Updated: Bugger Blogger. I posted this twice. Vinny and Bruce – I moved your comments to this one and deleted the repetitious entry. Thanks for understanding


  1. I've had the accusation made against me of having a anti-supernatural presupposition often enough that it makes me wonder what's going on. Evidence is all well and good, until it touches upon the "core doctrines" needed to be held by christians, then it can go out the window. Perhaps it is the only way some christians can wrap their minds around someone not believing what they believe. But it sounds like a convenient debating tactic to me coming from an apologist who has had a lifetime to think through the issues.

  2. Eddie Tabash thumped Craig on this point pretty well during his debate. Craig says "I admit that Jesus couldn't be raised naturally, but there's nothing implausible about Jesus being raised supernaturally. Here is what Tabash said in reply.

    Dr Craig says there is no reason to reject supernatural claims if you have God as a factor in making them come about. OK. Well then my claim that I arrived here tonight on a Martian built flying saucer is implausible until I tell you that God gave me that flying saucer directly. Does that add anything? Of course not. That's no different from Craig's position.

    Tabash's performance was great. Interesting that the lawyer has outperformed many of the philosophers.

  3. Vinny Said:

    My wife once met a woman who claimed that God had made her invisible. A friend had invited my wife to a women’s luncheon at an Assemblies of God church. After lunch, the women shared what God had done in their lives during the previous week. One woman announced that God had made her invisible.

    It seems that the woman had gone to the hospital to visit a friend in the intensive care unit. According to hospital policy, only relatives could visit patients in the ICU. Nevertheless, the woman walked right past the nurses’ station without anyone challenging her. As she sat praying with her friend, nurses and doctors came into the room, but none of them noticed her. The woman concluded that God had made her invisible so that she could visit her friend.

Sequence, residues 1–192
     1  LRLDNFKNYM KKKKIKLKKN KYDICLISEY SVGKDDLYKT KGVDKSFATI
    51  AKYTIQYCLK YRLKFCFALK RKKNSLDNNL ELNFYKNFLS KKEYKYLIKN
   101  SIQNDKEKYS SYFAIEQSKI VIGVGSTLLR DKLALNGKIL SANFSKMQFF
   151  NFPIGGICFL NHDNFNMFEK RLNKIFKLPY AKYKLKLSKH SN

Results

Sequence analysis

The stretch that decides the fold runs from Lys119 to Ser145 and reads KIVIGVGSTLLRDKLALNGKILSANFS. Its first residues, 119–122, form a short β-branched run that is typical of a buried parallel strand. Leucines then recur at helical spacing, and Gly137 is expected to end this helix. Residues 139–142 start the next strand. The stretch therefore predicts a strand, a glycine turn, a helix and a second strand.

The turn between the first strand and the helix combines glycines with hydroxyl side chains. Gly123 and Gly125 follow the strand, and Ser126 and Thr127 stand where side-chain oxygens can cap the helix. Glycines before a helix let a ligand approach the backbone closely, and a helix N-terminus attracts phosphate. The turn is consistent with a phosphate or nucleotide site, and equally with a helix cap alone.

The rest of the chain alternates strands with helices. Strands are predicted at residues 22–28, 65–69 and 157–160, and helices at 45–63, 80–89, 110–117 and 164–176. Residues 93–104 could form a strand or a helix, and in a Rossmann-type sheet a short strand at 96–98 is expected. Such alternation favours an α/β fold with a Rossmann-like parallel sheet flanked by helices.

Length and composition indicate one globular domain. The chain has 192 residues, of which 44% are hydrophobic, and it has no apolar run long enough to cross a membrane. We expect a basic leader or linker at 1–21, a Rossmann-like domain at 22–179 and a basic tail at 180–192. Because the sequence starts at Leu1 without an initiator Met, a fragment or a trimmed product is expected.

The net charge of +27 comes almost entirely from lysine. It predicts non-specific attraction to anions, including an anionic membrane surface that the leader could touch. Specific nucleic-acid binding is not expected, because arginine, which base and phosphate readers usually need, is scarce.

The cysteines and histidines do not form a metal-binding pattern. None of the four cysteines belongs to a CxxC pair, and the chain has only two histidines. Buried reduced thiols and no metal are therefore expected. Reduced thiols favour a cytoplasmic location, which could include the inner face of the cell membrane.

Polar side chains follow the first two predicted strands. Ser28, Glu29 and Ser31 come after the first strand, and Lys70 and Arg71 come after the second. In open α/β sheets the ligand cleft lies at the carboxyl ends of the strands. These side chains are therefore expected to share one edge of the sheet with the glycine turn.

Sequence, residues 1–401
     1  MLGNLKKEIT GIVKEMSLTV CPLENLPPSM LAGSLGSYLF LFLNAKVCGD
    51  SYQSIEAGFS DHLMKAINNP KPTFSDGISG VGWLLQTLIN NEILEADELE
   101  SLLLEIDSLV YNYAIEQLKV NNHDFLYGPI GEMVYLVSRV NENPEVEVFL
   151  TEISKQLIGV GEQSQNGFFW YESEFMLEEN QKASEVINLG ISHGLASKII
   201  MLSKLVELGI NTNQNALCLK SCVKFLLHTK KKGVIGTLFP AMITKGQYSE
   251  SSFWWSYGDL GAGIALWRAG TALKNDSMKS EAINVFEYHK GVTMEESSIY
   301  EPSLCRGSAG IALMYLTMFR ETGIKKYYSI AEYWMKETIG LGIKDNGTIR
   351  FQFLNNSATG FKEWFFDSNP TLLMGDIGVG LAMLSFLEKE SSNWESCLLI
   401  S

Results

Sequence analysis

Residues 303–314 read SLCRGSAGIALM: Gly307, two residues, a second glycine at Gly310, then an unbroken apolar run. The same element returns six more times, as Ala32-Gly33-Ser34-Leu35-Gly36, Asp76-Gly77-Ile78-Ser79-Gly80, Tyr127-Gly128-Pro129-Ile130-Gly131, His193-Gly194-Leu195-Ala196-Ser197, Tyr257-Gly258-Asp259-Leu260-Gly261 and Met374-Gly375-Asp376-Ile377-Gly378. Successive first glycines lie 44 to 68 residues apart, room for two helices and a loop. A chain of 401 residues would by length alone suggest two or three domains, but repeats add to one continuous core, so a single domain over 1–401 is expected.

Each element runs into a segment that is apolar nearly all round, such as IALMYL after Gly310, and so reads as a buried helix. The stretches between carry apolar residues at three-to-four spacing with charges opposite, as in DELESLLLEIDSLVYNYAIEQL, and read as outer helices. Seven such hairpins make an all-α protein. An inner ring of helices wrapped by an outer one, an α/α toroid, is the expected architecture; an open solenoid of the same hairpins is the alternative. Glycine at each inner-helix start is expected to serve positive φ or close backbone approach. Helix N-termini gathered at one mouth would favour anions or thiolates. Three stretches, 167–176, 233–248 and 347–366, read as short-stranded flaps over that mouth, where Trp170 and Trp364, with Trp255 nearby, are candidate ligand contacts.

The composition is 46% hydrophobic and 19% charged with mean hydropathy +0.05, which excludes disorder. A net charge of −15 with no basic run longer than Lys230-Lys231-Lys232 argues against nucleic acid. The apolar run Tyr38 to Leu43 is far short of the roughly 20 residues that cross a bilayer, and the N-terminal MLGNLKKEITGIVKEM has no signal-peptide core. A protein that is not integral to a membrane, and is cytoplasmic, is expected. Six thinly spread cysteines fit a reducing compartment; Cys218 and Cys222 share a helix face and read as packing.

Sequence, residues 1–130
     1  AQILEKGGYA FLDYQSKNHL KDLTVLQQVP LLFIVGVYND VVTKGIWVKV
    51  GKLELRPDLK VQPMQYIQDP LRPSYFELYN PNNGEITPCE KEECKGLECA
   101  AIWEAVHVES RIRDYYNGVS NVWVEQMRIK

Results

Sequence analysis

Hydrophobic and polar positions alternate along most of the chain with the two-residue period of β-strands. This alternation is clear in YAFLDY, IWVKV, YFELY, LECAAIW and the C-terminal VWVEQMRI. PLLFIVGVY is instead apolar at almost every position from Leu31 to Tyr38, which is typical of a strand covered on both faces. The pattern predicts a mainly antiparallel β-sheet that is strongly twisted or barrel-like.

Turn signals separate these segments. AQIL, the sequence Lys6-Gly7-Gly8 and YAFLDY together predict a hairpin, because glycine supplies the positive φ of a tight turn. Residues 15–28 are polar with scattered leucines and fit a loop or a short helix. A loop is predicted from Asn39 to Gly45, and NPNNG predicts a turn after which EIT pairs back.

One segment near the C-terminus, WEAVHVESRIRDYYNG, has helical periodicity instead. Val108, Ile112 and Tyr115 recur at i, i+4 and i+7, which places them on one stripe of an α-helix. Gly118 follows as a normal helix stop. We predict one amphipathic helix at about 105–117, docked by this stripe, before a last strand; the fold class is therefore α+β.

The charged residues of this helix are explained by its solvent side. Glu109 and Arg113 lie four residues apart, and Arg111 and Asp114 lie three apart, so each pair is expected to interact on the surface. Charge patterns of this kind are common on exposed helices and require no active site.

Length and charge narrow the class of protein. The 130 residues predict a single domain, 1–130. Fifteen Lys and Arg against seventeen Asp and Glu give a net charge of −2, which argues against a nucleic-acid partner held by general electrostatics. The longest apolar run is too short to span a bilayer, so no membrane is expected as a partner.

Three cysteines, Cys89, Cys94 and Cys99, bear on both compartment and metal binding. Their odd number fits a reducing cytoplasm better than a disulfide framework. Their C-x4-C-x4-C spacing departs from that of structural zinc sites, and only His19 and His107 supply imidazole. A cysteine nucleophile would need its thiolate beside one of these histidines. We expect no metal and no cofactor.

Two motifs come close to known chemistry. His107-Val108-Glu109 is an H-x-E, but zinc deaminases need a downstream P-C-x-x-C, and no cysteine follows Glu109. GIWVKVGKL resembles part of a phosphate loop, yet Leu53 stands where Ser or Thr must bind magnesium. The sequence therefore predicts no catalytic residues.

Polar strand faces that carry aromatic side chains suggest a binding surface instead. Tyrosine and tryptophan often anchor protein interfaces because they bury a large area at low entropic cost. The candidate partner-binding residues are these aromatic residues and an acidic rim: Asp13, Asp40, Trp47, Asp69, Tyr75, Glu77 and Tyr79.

I have met people like this, too. I once attended a retreat at a Catholic church where a man claimed that God had fixed his vacuum cleaner. He didn’t provide the details of the miracle, but he assured the rest of the group that there was no way that the problem could have corrected itself.

    I don’t think my skepticism about the Bible stories comes from a worldview that precludes a God who can perform miracles. I consider myself an agnostic and I think I probably lean more towards theism than atheism. I think my skepticism derives in large part from the fact that I know people who prefer supernatural explanation to natural ones for every coincidence and happenstance in their lives and who uncritically accept supernatural explanations from others. Before I could take a miracle claim seriously, I would have to be satisfied that the person reporting the miracle is the kind of person who considered the event with a critical eye. There is simply no way I could ever do that with the quality of evidence the Bible provides.

  4. Bruce Said:

    While I may not, quite, yet, be ready to throw out the miracle baby with the bathwater ;)

    I do know it is impossible to "verify" a miracle. Once someone makes an "other world" claim what are we to do? I have found it is utterly a waste of time to try to objectively argue with someone over a subjective experience.

    One story from my pastoring years:

    A woman woke up one night having heard a voice. Was this God speaking to her, she wondered. She prayed, "Jesus if this is you make yourself known." All of a sudden she saw a bright blue light and she started saying "Praise Jesus" over and over.

    What in the world can anyone do with a story like this? There is no way to prove it is Jesus. It could have just as likely been that she was dreaming about a Blue Light special at K-Mart.

    I leave people to their miracles. As long as they don't affect me or the country I live in fine.

    If people want Jesus or Mary on their toast....a ok. Not me though.

    The bigger problem comes when people say "God told me" or "God is leading me", etc. I always ask, "How do you Know it is God". Of course there is no verifiable answer to my question.

    These questions and how people have answered them have resulted in a lot of tragedy and death. Wars, murders, abuse, etc all because God told me to ________.


  5. Yes, I have heard Craig at a debate. That line was one of many he threw out there for me to roll my eyes at.